Prudhoe Bay in February is probably as close to being on another planet as an earthling could ever experience, at least in this lifetime. The 2000 edition of the Alcan 5000 gave us an excuse to make the journey, which I don¹t think any of us would have attempted on our own, nor are any of us likely to do again, at least in the winterů.
Once we crested Atigun Pass in the Brooks Range, the only color we saw was WHITE. Not a tree, not a bush, not a solitary twig, not a blade of dried grass, not even a stone broke the surface of the rather shallow layer of snow that covered everything. The peaks were sharply chiseled of pure, solid white ice, snow, or rock, it didn¹t matter it was white. There was a full moon of brilliant white gleaming in a whitish blue sky. And this was still mid-afternoon. The thin rays of the sun cast a clear, white light. The road was white. It was well plowed: in fact an Alaska-sized road grader/snowplow was grooming the already smooth, level surface. The blade turned up a pure white berm perhaps a foot high, and if you looked closely, you might detect a faint, bluish-white shadow to mark the edge of the road, where just enough depth lurked to suck in any errant wheel that dared to stray from the trackless path.
As we descended from the Brooks Range onto the North Slope, we saw precisely why it is so named. The land, or what we presumed to be land, rapidly leveled out, and became gently rolling very gently rolling. Sort of like the country north of Waterville that we¹ve seen on ES 1000s, only totally, blindingly, numbingly WHITE. All of it. Everything.
Our convoy tightened up without any prodding from Redneck John, the wagonmaster. Nobody wanted to disappear along here. Surprisingly, there were 3 or 4 sideroads marked by STOP signs, and I think two of them were plowed. One went a short distance to some kind of industrial-looking collection of structures. Another disappeared over the horizon to God only knows where. We weren¹t about to go checking out alternate routes. Several times Steve asked for help in discerning the right-hand margin of safety, especially in the proximity of one of the BIG trucks that carry the freight in Alaska.
John¹s voice came over the radio, warning us of two big rigs descending "the Ice Cut." Discretion, and our previous experience with these hairy mammoths caused us to wait quite docilely at the bottom of the grade for the juggernauts to pick their way down. The equally slow descent of dusk in the far North kept light in the sky much later than we expected, but by the time we approached Deadhorse, the "town" that serves the oilfields of Prudhoe Bay, the only lights visible were those of our caravan and the unexpectedly numerous strings of glowing points that marked human attempts at existence in this unforgiving environment. The road appeared to be built about four feet above a pancake-flat plain, covered by a shifting layer of blowing ice crystals.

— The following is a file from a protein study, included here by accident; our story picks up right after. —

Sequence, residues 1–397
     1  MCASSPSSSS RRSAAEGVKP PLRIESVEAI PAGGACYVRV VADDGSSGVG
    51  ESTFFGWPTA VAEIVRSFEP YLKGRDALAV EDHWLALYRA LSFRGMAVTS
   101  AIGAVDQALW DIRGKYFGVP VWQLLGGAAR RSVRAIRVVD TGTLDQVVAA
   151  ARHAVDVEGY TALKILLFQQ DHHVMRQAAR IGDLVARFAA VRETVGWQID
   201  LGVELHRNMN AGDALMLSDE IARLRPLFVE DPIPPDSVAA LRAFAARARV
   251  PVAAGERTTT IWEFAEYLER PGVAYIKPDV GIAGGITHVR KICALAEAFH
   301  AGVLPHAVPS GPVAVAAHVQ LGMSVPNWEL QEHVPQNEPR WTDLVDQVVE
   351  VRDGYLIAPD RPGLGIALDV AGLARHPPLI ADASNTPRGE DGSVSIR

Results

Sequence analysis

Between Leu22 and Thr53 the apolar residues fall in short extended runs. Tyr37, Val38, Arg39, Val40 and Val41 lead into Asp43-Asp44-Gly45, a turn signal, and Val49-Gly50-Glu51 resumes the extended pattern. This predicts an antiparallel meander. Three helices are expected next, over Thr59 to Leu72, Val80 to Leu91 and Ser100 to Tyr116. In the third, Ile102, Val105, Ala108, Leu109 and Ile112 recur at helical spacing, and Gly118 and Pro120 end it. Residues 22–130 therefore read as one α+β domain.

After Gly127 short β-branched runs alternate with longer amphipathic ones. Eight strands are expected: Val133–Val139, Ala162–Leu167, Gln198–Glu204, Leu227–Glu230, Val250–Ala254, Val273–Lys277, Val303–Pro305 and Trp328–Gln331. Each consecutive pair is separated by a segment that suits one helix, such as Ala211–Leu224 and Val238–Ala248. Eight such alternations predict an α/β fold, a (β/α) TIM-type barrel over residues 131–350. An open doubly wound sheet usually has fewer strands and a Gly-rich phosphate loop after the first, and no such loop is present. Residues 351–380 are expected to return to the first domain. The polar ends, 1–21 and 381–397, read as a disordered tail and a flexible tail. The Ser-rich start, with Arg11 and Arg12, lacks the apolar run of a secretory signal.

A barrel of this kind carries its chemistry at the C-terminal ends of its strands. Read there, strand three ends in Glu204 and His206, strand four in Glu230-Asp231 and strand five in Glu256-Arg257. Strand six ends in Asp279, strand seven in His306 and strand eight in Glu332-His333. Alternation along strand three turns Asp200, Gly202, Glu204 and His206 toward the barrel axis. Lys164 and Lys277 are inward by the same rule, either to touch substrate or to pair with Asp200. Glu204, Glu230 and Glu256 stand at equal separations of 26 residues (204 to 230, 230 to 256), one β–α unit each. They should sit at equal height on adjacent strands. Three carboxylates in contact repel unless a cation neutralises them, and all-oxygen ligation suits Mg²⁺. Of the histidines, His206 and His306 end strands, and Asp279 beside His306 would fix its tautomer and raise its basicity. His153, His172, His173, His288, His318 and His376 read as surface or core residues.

But the food was good and the rooms were warm at the Oilfield Motel, and the next morning¹s tour of the industrial complex that makes up Deadhorse/Prudhoe was fascinating. The view of the Arctic Ocean was a bit disappointing, however. No whales or seals or even polar bears, just a whiteness over the rail of demarcation that was otherwise indistinguishable from the whiteness on our side. Five minutes exposure to 20 degrees F with a wind chill of -50 made my exposed forehead ache, giving me fear for the underlying brain cells, if any. A stop for fuel at one of the two stations serving the region (motto of drivers in the North: Never Pass Gas!), and we were on our way to Fairbanks, 500 miles to the temperate South.
A bulletin in the motel and John¹s warning over our radios predicted a Class 1 Blow. This means all vehicles travel in convoy with lights on. As the lights of the BMW sport-ute ahead of us began to disappear, along with the outline of the vehicle, we heard concern expressed about the laggards still in Deadhorse. The Class 1 was rapidly becoming a Class 2, and we were advised that in a Class 3 you stop -- wherever you may be, no excuses, not quite in the ditch but as safely off the road as possible. When we could no longer raise Deadhorse on the radio, Sweep was dispatched to go back and round up the Isuzus, presumed to be off on a photography mission. For the next hour we thought about the smallness of our little convoy on the Arctic plain, and squinted our eyes against the blowing snow as we hoped the boxy shadow ahead of us was following another shadow that was still on the road. We were much relieved when we drew closer to the Brooks Range, whose icy peaks now looked like old friends against the blue sky. The blow had abated, the tail end of the wagon train had closed up, and we were treated to glorious views in all directions.
We had made it! We had conquered the Frozen
North, had dreamt our Arctic Dreams, and emerged, if not quite back in
civilization, at least well along its road. Twigs, brush, even tiny trees
reappeared, and moose were sighted in the thickets along the frozen river.